The European Commissioner for the UK, Jonathan Hill, who would have been exceptionally well-placed to not only gather intelligence from within the European Commission but also to influence its decisions vis-à-vis Brexit, has understandably but unexpectedly resigned. His portfolio covering financial services was transferred to Latvian Commissioner Valdis Dombrovskis. David Cameron said in the House of Commons on 28 June that as a “full paying member of the European Union” he expected the UK to nominate another Commissioner once a new Prime Minister is in power, however any new nomination would have to be endorsed by the European Parliament, so this may not get far.Within the Council of Ministers, UK ministers will still have access to the Council as long as the UK is a member of the EU, however, they will be excluded from any discussions regarding the UK’s departure. This means an exceptionally difficult task for the secretariat, who have to devise meeting schedules to accommodate this. As we saw this week, in any matters regarding Brexit, David Cameron or any other UK minister will be invited to address the EU 27, and then will be asked to leave as the EU 27 ministers continue discussions among themselves. This has already provided some powerful images of empty chairs and flag-moving showing more concretely what leaving the EU actually means. The European Parliament has also passed non-binding measures asking the UK to forego its Presidency of the Council in 2017. The role of the Council presidency is to call for meetings, set the agenda and broker compromise between Member States, which would be difficult for the departing UK.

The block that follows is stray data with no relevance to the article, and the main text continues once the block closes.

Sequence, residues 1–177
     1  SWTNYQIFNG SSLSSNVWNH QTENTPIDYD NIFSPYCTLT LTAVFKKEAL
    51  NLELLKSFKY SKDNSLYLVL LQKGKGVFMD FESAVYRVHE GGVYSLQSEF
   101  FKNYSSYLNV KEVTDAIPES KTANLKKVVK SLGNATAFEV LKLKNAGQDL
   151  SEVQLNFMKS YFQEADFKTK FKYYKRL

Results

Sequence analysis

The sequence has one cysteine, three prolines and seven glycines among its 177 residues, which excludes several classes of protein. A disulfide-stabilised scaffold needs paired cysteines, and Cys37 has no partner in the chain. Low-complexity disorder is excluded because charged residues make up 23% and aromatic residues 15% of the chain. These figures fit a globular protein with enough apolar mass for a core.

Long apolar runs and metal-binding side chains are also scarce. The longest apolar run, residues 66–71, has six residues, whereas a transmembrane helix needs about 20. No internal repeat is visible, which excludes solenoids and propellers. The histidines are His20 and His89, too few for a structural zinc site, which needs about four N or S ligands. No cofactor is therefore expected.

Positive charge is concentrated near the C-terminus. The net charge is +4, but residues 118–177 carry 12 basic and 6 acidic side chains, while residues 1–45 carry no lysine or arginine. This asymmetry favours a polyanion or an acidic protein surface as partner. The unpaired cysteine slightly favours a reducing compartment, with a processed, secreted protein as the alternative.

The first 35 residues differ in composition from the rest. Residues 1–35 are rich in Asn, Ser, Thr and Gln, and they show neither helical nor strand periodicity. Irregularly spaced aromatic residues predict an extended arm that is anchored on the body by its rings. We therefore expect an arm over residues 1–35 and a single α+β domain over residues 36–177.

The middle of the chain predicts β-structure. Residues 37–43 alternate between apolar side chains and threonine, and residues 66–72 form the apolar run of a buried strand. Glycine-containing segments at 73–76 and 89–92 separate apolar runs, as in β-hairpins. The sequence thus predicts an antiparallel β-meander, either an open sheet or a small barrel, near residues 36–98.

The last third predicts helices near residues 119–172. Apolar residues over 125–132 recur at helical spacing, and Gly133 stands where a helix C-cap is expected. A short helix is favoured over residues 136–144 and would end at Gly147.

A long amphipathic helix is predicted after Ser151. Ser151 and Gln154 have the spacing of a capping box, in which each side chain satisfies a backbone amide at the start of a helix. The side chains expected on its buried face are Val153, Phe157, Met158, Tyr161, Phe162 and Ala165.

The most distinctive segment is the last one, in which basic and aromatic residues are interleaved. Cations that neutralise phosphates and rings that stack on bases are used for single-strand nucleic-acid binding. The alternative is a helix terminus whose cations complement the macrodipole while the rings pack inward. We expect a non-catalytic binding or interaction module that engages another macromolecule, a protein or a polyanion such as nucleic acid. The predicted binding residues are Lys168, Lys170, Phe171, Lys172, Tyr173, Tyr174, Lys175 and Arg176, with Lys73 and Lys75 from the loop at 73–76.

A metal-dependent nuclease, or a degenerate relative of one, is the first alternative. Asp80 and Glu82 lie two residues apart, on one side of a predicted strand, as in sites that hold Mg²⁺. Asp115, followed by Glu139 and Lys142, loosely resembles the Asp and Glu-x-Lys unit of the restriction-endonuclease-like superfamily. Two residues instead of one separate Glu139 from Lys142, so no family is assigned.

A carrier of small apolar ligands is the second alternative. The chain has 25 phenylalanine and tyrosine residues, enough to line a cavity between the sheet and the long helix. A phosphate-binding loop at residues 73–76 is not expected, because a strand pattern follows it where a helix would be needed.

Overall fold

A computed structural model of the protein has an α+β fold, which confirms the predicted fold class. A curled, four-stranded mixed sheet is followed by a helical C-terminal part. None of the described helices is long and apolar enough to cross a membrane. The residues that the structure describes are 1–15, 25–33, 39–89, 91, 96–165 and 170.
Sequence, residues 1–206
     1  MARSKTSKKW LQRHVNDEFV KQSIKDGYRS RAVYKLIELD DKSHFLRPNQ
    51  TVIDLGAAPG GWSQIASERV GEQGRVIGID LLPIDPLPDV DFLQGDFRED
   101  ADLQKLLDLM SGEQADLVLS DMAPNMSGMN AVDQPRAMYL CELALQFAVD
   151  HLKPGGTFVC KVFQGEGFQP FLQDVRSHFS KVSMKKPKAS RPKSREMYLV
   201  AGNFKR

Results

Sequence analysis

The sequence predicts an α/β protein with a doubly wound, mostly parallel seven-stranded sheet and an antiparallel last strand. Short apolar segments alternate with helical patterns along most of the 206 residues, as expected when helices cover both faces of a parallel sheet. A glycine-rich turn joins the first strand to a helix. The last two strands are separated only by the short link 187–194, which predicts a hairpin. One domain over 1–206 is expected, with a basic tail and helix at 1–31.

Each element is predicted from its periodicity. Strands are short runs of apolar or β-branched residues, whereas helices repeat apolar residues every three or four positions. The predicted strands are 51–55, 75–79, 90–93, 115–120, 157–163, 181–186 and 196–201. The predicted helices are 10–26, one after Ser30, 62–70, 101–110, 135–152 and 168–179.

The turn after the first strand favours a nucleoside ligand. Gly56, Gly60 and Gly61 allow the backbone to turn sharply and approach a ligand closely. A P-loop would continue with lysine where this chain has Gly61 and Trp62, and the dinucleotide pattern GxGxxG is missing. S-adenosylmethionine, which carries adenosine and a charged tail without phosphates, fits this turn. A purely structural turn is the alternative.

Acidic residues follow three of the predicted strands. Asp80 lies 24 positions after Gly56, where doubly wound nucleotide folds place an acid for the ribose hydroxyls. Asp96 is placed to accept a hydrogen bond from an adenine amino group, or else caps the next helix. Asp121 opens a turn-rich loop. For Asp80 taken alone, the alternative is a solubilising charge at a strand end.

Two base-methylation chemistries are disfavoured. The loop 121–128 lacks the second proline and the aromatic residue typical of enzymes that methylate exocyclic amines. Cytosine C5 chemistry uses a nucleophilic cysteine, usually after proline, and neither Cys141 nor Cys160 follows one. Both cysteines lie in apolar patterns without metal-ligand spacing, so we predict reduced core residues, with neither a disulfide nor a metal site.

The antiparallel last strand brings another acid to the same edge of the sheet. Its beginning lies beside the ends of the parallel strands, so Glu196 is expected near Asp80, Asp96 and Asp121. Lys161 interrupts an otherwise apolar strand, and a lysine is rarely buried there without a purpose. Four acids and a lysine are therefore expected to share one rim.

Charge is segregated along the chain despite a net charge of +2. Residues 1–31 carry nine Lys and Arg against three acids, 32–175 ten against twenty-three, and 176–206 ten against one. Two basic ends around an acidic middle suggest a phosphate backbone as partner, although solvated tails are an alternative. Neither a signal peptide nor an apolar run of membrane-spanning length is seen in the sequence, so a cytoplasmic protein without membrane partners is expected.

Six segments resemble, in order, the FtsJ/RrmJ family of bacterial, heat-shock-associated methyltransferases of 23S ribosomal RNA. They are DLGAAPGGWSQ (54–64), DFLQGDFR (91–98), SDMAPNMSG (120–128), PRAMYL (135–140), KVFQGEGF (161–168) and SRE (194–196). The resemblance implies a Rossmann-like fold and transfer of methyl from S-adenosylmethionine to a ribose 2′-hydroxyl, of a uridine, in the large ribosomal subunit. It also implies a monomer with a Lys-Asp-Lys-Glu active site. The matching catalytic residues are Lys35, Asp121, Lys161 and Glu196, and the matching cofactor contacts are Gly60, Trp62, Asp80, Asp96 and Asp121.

The 73 Members of the European Parliament from the UK also have a mandate to remain until the UK formally exits, probably in 2019, however there is likely to be much political tension and confusion over their roles until then. Will British MEPs be allowed to vote in plenary and in committees on laws that no longer affect them, let alone propose amendments? Will they continue to work on important EU legal dossiers? Will they resign immediately, or stay on under an observer status, taking no part in proceedings? Will Scottish Nationalist MEPs be invited to join the Greens/EFA political group if Scotland gains independence and is allowed into the EU? These are all sensitive and as of yet undecided issues. So far, one British MEP, Ian Duncan, has given up an important portfolio on the emissions trading scheme, but it is expected that others will follow.
Going forward, there are many other areas of policy and law that will need to be ‘untangled’. Thomas Tindemans, Chairman of H+K Strategies Brussels, has likened it to ‘trying to un-cook spaghetti’. Major areas of commercial law which are currently governed at the EU level will within two years of Article 50’s invocation require national legislative initiatives in the UK.
This includes many important areas, notably antitrust legislation and trade deals with third countries. In competition matters the UK has its own Competition and Markets Authority, however will the UK continue to apply EU competition law as it stands or will it create new legislation? As appeals will now be held in the UK’s courts rather than the European Court of Justice, will decisions by the UK authorities be aligned with EU decisions or not?